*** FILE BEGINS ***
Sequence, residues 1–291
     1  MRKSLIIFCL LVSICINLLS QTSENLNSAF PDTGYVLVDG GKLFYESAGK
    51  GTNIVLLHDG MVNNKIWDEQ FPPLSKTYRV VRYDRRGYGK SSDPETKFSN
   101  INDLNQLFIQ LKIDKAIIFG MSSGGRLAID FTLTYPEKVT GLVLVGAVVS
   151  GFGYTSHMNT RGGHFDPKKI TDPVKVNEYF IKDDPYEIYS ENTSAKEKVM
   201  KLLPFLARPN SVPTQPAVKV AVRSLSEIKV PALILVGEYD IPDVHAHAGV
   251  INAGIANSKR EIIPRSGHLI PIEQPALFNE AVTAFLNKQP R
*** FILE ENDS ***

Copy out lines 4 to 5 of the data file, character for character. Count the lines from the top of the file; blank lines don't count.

   101  INDLNQLFIQ LKIDKAIIFG MSSGGRLAID FTLTYPEKVT GLVLVGAVVS
   151  GFGYTSHMNT RGGHFDPKKI TDPVKVNEYF IKDDPYEIYS ENTSAKEKVM